The state projects the tax break will cost about $800,000 in General Fund and special revenue in 2021.

State law allows only $100 million in aggregate “qualified investment” under the program. That means there is space for just two companies if each applies for a credit on spending at least $35 million.



A report from the Maine Office of Program Evaluation and Government Accountability noted that there were some gray areas of the program. There is no requirement that it creates “high-quality” jobs, the type of headquarters it applies to is loosely defined and there is nothing to encourage companies to use local businesses or encourage the recruitment and training of employees.

Idexx says it is prepared to meet the employment thresholds by recruiting from out of state and growing the Maine labor pool it needs. The company did not directly answer what kind of employees it would hire and at what salary range, but said it was looking for positions across the board.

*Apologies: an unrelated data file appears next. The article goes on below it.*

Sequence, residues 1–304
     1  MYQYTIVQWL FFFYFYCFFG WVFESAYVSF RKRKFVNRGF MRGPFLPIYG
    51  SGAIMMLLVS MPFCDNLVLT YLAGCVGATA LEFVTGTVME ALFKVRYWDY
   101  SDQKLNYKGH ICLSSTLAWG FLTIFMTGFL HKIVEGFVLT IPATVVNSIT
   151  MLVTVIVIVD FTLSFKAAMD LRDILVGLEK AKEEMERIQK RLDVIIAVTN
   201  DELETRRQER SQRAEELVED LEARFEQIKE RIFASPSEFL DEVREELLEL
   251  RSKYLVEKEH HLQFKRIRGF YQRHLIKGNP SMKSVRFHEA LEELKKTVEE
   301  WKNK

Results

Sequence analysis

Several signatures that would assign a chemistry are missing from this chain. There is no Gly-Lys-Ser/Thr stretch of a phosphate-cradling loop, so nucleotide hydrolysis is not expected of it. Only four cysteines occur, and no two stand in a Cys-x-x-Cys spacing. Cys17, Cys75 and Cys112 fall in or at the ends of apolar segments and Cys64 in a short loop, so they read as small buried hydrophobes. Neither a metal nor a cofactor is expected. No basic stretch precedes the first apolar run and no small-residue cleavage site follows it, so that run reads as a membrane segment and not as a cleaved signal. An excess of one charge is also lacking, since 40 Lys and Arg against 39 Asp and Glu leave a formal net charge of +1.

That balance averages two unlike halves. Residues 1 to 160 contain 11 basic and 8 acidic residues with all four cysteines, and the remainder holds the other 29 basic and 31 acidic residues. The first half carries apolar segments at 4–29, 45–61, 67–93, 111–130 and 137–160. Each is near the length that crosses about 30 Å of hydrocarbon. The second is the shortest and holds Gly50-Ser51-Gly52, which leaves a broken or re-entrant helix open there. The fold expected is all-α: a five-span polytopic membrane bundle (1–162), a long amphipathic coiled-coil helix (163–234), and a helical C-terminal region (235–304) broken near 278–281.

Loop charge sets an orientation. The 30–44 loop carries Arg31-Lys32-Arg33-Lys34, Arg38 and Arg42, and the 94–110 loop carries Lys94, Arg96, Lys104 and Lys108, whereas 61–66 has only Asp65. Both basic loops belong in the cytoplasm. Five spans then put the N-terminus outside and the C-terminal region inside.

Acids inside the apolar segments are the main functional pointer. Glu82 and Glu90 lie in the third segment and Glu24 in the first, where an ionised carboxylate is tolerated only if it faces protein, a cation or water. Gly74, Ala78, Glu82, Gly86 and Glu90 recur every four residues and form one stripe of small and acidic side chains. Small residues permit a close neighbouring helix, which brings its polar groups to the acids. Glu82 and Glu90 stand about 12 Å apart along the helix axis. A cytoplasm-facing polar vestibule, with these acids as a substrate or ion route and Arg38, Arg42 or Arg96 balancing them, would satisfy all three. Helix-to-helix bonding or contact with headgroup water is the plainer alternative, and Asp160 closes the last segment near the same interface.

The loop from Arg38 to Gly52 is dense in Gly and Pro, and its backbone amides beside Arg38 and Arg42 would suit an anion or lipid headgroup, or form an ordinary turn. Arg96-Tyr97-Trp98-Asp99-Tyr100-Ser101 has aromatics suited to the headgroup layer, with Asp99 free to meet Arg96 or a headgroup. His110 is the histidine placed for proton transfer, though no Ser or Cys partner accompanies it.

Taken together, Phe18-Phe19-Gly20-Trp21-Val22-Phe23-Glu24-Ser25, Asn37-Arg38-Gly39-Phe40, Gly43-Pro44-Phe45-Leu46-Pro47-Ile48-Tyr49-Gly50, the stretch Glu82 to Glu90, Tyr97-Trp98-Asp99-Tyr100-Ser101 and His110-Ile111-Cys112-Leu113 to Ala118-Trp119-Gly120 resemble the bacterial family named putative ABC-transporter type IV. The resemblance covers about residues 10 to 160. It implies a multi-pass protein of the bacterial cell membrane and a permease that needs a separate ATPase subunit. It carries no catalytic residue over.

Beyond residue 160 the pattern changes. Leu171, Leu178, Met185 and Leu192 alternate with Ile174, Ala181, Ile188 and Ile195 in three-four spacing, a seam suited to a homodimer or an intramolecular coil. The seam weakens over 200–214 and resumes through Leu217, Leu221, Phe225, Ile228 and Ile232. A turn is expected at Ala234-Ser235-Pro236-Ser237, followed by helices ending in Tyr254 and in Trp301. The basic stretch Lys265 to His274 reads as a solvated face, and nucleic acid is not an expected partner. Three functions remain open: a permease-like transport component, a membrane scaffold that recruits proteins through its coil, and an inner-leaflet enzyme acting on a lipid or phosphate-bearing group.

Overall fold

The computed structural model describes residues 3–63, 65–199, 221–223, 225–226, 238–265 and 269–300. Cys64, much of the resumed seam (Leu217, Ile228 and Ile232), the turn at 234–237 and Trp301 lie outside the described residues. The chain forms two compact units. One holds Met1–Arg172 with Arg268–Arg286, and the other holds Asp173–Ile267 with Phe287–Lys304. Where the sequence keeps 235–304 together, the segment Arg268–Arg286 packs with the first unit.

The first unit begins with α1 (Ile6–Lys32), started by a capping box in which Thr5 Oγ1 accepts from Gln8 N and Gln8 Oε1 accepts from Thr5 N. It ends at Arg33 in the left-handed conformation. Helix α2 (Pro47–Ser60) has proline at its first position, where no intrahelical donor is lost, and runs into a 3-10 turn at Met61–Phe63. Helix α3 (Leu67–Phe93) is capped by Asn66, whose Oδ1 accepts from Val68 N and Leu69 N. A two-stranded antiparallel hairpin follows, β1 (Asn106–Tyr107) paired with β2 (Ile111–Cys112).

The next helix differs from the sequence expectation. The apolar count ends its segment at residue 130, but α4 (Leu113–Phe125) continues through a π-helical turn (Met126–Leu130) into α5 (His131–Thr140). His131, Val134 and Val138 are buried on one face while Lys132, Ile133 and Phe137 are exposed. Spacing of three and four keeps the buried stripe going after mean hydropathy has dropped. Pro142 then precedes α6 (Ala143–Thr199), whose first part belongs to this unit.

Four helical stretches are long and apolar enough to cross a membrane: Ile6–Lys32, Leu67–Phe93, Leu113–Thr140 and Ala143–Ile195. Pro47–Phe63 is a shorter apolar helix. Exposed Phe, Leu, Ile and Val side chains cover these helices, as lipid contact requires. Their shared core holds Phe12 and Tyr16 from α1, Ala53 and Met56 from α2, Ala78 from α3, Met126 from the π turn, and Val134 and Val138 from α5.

The tax credit program is unique in Maine. A similarly structured law for shipyards that allows  Bath Iron Works to claim 15 years of tax breaks worth about $45 million was renewed in 2018.

In June, the Legislature approved another measure to give $34 million in breaks to aid the expansions of food manufacturing companies. That bill, designed to help Penobscot McCrum build a new potato processing plant in Washburn, was modeled on the headquarters expansion credit, Jackson said.

A corporate headquarters can create an immediate economic impact from new construction investment and hundreds of new workers spending in local stores, buying homes and paying taxes, said Peter DelGreco, head of Maine and Co., an agency that promotes Maine to major companies.


But there are ancillary benefits to hosting the executive offices of a major international company, DelGreco said.

“When you have an executive team here, you will have a closer connection to community, more local giving and philanthropy,” DelGreco said.

From a cost-benefit angle, the tax break makes sense, especially in Maine, which does not provide companies with a lot of generous financial incentives, he said.

“It’s a pretty restrictive bill,” he said. “It feels like it is going to be aimed at truly significant projects that have the ability to really improve the economy.”